Most spouses share some pretty significant financial ties. From joint mortgages to joint checking accounts and more, the financial lives of each person can be tightly intertwined with the other.

When one person breaches the trust of the other in some matter regarding money, serious problems can occur. These problems may take years to recover from.

Types of financial infidelity

As explained by NPR, hiding money so that a spouse never learns about it may be one form of financial infidelity. This money may be from a bonus at work or other activities the spouse is unaware of. One person might also start taking some of the couple’s joint money and keeping it for himself or herself. The person may even start lying to cover up the missing money.

Another type of financial infidelity involves one person racking up debt without the other spouse’s knowledge. This might involve a credit card or personal loan taken out by one person but that could end up wrecking the financial lives of both.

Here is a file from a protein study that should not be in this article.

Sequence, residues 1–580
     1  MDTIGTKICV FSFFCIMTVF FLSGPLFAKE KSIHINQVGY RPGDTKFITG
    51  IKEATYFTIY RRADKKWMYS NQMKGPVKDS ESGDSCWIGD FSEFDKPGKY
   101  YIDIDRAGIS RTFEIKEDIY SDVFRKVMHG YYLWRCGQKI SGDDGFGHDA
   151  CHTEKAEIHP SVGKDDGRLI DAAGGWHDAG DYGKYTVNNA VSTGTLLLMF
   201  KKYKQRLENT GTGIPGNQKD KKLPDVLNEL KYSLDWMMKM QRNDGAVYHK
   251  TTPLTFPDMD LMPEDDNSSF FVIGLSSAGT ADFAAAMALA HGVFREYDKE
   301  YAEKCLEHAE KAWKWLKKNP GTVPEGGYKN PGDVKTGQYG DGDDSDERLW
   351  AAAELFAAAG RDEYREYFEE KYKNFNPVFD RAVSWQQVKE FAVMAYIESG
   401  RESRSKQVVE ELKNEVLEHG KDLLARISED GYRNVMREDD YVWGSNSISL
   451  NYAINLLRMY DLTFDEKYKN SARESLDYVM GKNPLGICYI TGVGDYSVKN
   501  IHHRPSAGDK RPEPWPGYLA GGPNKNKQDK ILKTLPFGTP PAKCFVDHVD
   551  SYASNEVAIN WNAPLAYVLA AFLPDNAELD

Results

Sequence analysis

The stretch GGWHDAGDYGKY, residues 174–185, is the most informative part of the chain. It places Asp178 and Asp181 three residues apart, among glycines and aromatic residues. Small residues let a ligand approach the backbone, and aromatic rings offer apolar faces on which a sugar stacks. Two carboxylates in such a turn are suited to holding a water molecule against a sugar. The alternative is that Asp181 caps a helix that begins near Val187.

Signs of financial infidelity

As with other forms of infidelity, The Simple Dollar indicates that changes in a person’s behavior may be indicative of financial infidelity. For example, one spouse may suddenly act very nervous every time the other partner mentions money. A new spending spree by a person who was previously quite cautious with spending may signal something worth investigating.

Reasons for financial infidelity

A person may hide financial information from a spouse for many reasons including an attempt to preserve money for himself or herself prior to filing for a divorce.